His manner changed instantly.

"This morning I met an old college friend. He was doing the historical points of old Boston with his father and his father's friend, a Rev. Mr. Dysart of Yonkers, New York."

Miss Dana started, and exclaimed, involuntarily, "Mr. Dysart—not Mr. Octavius Dysart?"

"Yes, that was the name. Why, do you know him? I'll be honest, I know you do."

"My mother was born in Yonkers, and Mr. Dysart was the clergyman who officiated at my father's wedding. He used to call on us whenever he came to Boston. But how did he know that you knew me?"

"He said he was going to Fernborough to see your father, and I availed myself of the opportunity to mention my acquaintance with you. He wished you could come and see him."

"Where is he? Of course I will go."

"He is staying with Mr. Larned, my college mate's father, who lives in Jamaica Plain, but he will not be there until this evening. He's attending a religious conference this afternoon and goes to Fernborough early to-morrow."

"Then I can't see him."

"Why not? I'm going out this evening—small party invited—entirely informal—half my auto is at your service."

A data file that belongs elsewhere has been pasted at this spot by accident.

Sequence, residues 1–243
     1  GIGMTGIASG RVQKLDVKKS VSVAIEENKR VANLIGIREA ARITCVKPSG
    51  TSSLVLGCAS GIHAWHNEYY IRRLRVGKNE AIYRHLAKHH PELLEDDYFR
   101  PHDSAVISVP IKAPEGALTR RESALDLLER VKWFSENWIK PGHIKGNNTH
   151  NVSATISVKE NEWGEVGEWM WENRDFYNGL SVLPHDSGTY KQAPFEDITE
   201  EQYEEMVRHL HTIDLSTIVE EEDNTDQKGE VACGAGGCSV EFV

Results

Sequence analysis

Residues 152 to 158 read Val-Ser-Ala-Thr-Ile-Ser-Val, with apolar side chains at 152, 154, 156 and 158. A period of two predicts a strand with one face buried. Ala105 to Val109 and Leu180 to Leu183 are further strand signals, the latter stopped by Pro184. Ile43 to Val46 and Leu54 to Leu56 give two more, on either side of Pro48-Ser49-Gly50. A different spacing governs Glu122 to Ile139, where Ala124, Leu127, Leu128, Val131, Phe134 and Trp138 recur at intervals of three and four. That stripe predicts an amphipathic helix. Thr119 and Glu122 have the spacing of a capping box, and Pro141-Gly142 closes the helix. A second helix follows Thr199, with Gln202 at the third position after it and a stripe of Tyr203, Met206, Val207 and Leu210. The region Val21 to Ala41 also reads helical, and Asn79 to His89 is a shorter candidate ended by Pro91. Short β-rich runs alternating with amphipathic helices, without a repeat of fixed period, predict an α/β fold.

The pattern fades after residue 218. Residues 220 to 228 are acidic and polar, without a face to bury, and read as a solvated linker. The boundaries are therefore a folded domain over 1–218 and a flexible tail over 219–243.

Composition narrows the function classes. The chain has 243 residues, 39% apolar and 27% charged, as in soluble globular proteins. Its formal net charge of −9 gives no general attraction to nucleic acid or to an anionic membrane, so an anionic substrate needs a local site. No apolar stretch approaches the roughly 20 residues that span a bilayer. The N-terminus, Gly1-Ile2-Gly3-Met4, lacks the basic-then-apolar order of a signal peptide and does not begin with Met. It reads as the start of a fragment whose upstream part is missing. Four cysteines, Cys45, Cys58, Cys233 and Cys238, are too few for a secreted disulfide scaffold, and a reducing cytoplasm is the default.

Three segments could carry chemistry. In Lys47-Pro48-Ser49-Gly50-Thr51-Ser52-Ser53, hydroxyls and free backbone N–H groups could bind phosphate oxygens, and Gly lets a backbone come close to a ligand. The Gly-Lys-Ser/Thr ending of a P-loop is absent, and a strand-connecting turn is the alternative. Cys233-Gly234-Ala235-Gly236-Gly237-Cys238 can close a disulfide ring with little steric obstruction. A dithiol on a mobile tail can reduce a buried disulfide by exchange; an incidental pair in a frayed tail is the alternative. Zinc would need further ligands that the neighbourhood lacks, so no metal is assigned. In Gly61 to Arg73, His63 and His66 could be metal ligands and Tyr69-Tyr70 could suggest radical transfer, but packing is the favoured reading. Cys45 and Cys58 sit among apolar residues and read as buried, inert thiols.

"Will you get me back to the hotel before the doors are closed? I shall pack up to-morrow."

"I promise," said Quincy. "I will come for you at seven sharp."

Punctually at seven, a closed auto stopped before the "Cawthorne" and Quincy alighted. Mary stepped from the elevator, wearing a new spring costume and a marvellous aggregation of flowers upon her hat, walked to the door without looking at Mr. Cass, and before he could frame one of his employer's tenacious points and follow her, she had been handed into the auto and whirled swiftly away.

"Is Alexander driving?" she asked. "No. He's asleep—up too late last night. We have a strange chauffeur. I selected him for that reason."

"Why, what do you mean?"

"I didn't wish anybody to know where we had gone."

"Why not, pray?"

"I mean, what we'd gone for."

"Nonsense. Why, a friendly call—what more?"

"Are your gloves on?"

"No, I didn't have time. I'll put them on now."

"No hurry—plenty of time. You are agitated. Allow me to feel your pulse."